For quite a while it has been the case that properly implemented encryption will defeat efforts to crack it (at least using current technology). Yet it has been the case for an equally long time that very few people actually use encryption to protect their vital secrets – not journalists, not criminals, and most assuredly not the (perhaps mythical) “average layman user.” Why is that the case? Nobody knows for sure of course, but speculation reasonably focuses on a range of possibilities: ignorance; complexity; laziness and hubris lead the list.
User error is a frequent issue. Of all of these, I tend to think complexity and laziness lead the list – that is, most encryption programs are difficult to use and need to be installed. They don’t have “one button” applications and they are not “on” by default. That seems to be changing. And the reason is, as many have predicted, less about the utility of encryption and more about the business necessity of appearing resistant to government surveillance. That explains Apple’s recent decision to make encryption the default in its new operating system iOS8, that is being delivered in the new iPhone6. For data stored on a device the user (and only the user) will have the passphrase to unlock the data.

The move is so widely lauded that Google moved quickly to follow with its own Android operating system. There are a number of legal and practical implications of this transition, almost all of which reset the balance between security and liberty in a way that tends to favor more libertarian impulses:

  • The transition will essentially render moot last terms decision in Riley v. California (proving once again that by the time the Supreme Court addresses a technological issue the issue is irrelevant!). Riley held that, as a general matter, law enforcement will need a search warrant to access data on a cell phone. While that certainly raises the bar for access, it does not do so to an impossible degree. Probable cause is, after all, a standard that law enforcement establishes every day around the country.
  • By contrast, however, the new operating systems act technologically to divest Apple and Google of any ability to respond to a warrant – they can’t produce what they don’t have. So this Fourth Amendment question now becomes converted to a Fifth Amendment question – whether or not the owner of the cell phone can be compelled to unlock his phone by providing the passphrase. Unlike the Fourth Amendment context, this privilege is absolute. If courts recognize the Fifth Amendment protection then the data on the phone is absolutely unavailable to law enforcement – which would be a significantly greater crimp in law enforcement (or counter-terrorism) investigations.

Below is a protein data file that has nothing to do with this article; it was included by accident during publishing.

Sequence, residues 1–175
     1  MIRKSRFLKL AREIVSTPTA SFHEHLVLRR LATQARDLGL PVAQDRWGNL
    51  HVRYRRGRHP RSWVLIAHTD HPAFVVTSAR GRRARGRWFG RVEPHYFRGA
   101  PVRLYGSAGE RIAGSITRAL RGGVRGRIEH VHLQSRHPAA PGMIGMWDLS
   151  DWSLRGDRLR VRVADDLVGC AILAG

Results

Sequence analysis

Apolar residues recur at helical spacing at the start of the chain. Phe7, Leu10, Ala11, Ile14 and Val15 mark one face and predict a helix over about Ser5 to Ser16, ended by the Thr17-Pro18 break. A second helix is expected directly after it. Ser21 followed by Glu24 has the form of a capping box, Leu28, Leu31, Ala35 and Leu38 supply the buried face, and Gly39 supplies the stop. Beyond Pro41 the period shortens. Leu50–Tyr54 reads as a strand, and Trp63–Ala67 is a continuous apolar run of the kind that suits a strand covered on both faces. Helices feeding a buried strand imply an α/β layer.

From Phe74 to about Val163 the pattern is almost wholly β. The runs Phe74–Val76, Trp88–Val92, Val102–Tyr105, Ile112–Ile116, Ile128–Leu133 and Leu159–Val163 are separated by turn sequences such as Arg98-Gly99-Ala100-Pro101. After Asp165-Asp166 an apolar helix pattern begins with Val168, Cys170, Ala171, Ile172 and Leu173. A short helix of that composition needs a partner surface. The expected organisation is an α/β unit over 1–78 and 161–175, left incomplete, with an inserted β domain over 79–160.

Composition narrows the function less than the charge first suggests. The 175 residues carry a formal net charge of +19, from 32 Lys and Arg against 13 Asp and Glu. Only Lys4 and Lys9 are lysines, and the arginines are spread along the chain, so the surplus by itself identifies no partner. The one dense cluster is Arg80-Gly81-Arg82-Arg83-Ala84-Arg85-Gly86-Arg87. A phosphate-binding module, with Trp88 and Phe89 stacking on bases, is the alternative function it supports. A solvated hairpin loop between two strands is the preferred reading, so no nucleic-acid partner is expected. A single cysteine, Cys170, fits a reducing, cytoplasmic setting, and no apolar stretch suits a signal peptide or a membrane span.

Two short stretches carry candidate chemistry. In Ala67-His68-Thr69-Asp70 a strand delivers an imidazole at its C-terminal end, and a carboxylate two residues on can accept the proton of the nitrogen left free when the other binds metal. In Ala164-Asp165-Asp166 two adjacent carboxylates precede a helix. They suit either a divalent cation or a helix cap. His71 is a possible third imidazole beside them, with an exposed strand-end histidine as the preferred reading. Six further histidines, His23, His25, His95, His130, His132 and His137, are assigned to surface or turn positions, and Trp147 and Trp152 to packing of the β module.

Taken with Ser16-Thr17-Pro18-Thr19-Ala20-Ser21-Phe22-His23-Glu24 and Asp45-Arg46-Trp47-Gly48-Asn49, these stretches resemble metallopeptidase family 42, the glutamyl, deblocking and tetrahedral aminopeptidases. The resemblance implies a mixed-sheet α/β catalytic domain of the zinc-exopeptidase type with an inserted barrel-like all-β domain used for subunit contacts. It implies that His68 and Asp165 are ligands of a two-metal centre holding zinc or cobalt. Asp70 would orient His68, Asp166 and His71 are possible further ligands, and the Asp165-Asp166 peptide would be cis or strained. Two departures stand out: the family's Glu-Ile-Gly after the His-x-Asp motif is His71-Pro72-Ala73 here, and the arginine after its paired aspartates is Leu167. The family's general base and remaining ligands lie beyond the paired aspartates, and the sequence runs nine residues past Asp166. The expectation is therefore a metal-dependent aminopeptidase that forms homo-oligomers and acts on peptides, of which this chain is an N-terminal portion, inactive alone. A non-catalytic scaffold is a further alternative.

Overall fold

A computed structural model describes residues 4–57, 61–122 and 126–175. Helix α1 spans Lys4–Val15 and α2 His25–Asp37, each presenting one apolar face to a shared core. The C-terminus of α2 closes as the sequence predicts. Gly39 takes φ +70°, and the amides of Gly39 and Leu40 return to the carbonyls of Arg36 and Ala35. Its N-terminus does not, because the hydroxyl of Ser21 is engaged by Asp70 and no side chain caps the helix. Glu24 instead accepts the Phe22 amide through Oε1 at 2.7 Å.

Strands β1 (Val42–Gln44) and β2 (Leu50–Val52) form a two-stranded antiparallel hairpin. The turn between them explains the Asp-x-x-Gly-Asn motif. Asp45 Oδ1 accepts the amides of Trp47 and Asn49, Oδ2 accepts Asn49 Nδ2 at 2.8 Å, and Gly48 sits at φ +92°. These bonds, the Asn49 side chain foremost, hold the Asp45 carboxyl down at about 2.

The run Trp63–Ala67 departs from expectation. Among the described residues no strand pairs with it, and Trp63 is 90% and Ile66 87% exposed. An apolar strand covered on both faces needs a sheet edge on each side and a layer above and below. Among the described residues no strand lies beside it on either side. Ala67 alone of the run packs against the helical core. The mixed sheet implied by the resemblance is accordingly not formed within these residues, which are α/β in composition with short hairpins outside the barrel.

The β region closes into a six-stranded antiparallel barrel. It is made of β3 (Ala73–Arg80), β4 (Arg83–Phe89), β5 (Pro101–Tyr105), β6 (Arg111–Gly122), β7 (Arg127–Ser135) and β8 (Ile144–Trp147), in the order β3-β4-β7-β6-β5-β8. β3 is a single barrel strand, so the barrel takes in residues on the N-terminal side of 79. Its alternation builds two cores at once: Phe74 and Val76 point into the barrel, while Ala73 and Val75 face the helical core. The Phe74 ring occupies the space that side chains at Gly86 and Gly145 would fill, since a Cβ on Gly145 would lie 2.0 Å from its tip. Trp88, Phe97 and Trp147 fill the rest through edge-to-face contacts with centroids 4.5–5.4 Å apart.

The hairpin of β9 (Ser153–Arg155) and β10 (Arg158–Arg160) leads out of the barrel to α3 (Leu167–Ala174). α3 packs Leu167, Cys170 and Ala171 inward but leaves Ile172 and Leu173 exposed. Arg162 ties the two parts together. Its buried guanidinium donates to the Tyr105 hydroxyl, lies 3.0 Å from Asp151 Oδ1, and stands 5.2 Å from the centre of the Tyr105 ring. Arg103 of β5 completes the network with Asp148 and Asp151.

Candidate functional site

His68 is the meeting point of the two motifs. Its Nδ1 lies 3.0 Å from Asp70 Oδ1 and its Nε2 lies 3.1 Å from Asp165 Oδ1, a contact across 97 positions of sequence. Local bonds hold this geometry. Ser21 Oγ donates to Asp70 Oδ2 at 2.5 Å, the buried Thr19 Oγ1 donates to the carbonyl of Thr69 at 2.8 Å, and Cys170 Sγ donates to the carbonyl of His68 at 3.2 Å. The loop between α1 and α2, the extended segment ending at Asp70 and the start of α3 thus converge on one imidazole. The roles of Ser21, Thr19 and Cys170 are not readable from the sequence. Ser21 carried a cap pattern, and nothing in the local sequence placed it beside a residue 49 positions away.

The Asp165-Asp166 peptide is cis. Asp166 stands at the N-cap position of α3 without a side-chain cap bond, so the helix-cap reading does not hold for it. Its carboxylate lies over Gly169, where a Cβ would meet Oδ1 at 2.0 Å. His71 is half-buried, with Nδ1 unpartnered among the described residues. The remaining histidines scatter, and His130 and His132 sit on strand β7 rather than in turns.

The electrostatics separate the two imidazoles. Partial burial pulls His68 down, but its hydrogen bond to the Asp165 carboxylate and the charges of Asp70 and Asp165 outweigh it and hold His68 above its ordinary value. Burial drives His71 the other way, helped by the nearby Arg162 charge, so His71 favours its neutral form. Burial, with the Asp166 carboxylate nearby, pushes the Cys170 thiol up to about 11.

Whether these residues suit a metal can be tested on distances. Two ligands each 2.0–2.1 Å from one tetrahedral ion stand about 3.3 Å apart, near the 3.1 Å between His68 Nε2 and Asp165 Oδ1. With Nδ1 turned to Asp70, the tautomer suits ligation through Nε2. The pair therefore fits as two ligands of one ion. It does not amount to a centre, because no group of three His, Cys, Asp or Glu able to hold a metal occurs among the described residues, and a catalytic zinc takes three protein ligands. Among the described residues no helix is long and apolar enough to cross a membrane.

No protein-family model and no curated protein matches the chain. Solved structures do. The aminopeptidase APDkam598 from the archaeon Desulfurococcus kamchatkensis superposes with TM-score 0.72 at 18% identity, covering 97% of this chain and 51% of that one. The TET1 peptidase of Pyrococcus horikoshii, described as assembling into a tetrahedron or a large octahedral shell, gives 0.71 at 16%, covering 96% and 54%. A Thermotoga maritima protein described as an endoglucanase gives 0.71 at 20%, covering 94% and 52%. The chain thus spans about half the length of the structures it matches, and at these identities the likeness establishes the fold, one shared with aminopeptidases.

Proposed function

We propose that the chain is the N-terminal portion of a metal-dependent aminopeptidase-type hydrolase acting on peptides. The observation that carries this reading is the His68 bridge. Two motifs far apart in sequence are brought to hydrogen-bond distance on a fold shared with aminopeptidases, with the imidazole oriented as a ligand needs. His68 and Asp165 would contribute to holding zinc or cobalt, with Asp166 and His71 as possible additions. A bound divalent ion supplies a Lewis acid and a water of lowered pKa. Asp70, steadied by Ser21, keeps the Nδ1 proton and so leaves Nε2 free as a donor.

• That makes the growing debate over the extent of a Fifth Amendment privilege even more salient. When last I wrote about it, the latest word was an Eleventh Circuit case In Re: Grand Jury Subpoena (US v. Doe), which held that disclosure of the passphrase could not be compelled. That debate is not, however, over. Earlier this year, the Massachusetts Supreme Judicial Court ruled to the contrary. In Commonwealth v. Gelfgatt, the Court held that disclosing the passphrase disclosed only the capacity to decrypt, which was a “foregone conclusion” and did not implicate any proof of authenticity, control, or knowledge. That seems to me a highly suspect conclusion – but it is evidence that the legal question is not settled in the least.
  • Notwithstanding all of the strum und drang there may actually be less to these announcements than meets the eye. Why? Because the encryption default lock applies =only= to data on the phone itself. As we’ve noted before, unless you encrypt data before you store it with a cloud service provider then it is the provider’s encryption, not the user’s, that matters. And, of course, most Apple users store data in the iCloud (they like to synchronize data across all their devices) and Android users store their data in Google’s cloud storage for the same reason. And that sort of synchronicity remains the default “on” function in both operating systems. So, all that data stored behind a hard encryption lock on your phone is accessible from your cloud storage provider as a back up. And that data may sometimes be accessed with a subpoena – that is, on a basis requiring less than probable cause. So the only way to be completely privacy protective is to turn off the cloud storage portions of your new iPhone or Android tablet – hardly a way to advance efficiency and productivity (and also, perhaps, a sign that law enforcement fears are overstated).
  • Meanwhile the same business reasons that are driving the adoption of encryption are likely to frustrate any effort to end the synchronicity default. Apple makes its money by offering you the seamless cross-platform product. And Google’s business model involves its access to your data for advertising purposes. So don’t expect a default “off” switch for cloud storage anytime soon.
  • Finally, it is worth pondering the larger individual trade-off question. While I certainly respect the opinion of those who perceive government surveillance as a threat, I sometimes wonder if they are forgoing too many technological advantages in the pursuit of personal privacy. Encrypting your data and turning off your synchronization means that if you forget your passphrase your data is gone … totally gone. It means that you can’t automatically see a picture you took on your iPhone when you go to create a family newsletter on your Mac. One answer, of course, is differential encryption (protecting only sensitive data), which is what I do with my client files. But overall, we sometimes don’t recognize, I think, the efficiency/security tradeoff.

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